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Clinical Effects of Frontal Behavioral Impairment: Cortical Thickness and Cognitive Decline in ...
  • 작성일2020-05-07
  • 최종수정일2020-05-07
  • 담당부서연구기획과
  • 연락처043-719-8033
  • 463

Journal of Alzheimer's Disease, 2019. 69(1), 213-225, DOI: https://doi.org/10.3233/JAD-190007


Clinical Effects of Frontal Behavioral Impairment: Cortical Thickness and Cognitive Decline in Individuals with Subjective Cognitive Decline and Amnestic Mild Cognitive Impairment

Seung Joo Kim, Na-Yeon Jung;Young Ju Kim;Seong Beom Park;KoWoon Kim;Yeshin Kim;Hyemin Jang;Si Eun Kim;Soo Hyun Cho;Jun Pyo Kim;Young Hee Jung;Sook-Young Woo;Seon Woo Kim;Samuel N. Lockhart;Eun-Joo Kim;Hee Jin Kim;Jong-Min Lee;Juhee Chin;Duk L. Na;Sang Won Seo


Abstract

    Background: Frontal behavioral impairment (FrBI) is commonly observed in various degenerative diseases and refers to various behavioral symptoms.

    Objective: We investigated the effects of the presence of FrBI on cortical thickness, and the longitudinal neuropsychological changes in people in the predementia stage.

    Methods: A total of 794 individuals completed neuropsychological tests and the Frontal Behavioral Inventory (FBI) Questionnaire, and underwent magnetic resonance (MR) scanning. Participants were analyzed and grouped into non-FrBI (FBI = 0) or FrBI (FBI≥1). Cortical thickness was measured on MR images using a surface-based method.

    Results: In total, 281 people with subjective cognitive decline (SCD) and 513 with amnestic mild cognitive impairment (aMCI) were assessed for FrBI. Relative to people without FrBI, those with FrBI presented reduced cortical thickness in the frontal, anterior temporal and lateral parietal regions (p < 0.05, FDR corrected). People with FrBI developed Alzheimer’s disease, rather than behavioral variant frontotemporal dementia, as observed over seven years. Mixed effects models reported that people with FrBI have greater cognitive decline than those with non-FrBI in multiple domains, including language, memory, and executive functions (p < 0.05, FDR corrected). Furthermore, while negative FrBI symptoms (e.g., deficit behaviors) were associated with greater declines in multiple domains, positive FrBI symptoms (e.g., disinhibition symptoms) were related to declines in visuospatial function and verbal memory. Finally, the occurrence of both types of symptoms correlated with multi-domain cognitive decline.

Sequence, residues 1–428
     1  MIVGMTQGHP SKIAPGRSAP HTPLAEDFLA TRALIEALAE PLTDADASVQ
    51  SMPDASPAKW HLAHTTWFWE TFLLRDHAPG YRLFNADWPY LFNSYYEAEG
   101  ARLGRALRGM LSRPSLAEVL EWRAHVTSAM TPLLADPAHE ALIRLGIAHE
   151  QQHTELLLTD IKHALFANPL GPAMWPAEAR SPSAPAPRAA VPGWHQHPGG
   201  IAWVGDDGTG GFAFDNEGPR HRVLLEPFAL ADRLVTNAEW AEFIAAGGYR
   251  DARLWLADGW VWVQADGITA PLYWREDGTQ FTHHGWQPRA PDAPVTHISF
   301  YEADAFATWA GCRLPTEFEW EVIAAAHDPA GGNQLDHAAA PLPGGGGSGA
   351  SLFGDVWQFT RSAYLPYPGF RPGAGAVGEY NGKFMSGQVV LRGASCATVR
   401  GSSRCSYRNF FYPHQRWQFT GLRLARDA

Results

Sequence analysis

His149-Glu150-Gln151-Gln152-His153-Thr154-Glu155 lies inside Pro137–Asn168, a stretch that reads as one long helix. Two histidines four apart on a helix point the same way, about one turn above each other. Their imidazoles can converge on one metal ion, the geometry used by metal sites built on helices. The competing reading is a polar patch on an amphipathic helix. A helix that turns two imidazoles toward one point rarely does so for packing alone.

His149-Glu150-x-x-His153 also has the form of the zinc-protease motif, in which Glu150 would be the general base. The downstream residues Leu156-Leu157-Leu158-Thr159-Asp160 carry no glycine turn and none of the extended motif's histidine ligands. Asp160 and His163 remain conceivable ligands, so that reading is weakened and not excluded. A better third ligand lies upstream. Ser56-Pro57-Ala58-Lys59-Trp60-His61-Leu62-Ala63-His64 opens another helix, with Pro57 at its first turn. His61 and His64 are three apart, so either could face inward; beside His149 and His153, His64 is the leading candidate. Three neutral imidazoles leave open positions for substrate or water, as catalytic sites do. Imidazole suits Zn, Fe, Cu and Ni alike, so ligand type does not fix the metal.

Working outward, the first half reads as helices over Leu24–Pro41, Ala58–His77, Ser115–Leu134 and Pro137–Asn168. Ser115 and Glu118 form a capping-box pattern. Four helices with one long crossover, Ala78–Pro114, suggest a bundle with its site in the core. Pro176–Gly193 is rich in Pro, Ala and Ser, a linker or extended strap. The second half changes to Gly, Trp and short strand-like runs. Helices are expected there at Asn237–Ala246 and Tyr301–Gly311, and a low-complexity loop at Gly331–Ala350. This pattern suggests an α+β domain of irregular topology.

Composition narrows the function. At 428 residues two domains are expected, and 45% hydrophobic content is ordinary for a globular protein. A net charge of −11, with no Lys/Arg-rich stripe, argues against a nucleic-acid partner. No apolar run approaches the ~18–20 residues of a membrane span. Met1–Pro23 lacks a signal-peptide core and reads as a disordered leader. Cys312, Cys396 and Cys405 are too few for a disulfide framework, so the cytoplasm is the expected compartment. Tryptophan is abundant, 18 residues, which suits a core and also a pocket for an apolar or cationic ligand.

Conclusions: FrBI predicted worse clinical outcomes, including reduced cortical thickness and cognitive decline, which are not necessarily specific to frontal dysfunction.



  • 본 연구는 질병관리본부 연구개발과제연구비를 지원받아 수행되었습니다.
  • This research was supported by a fund by Research of Korea Centers for Disease Control and Prevention.


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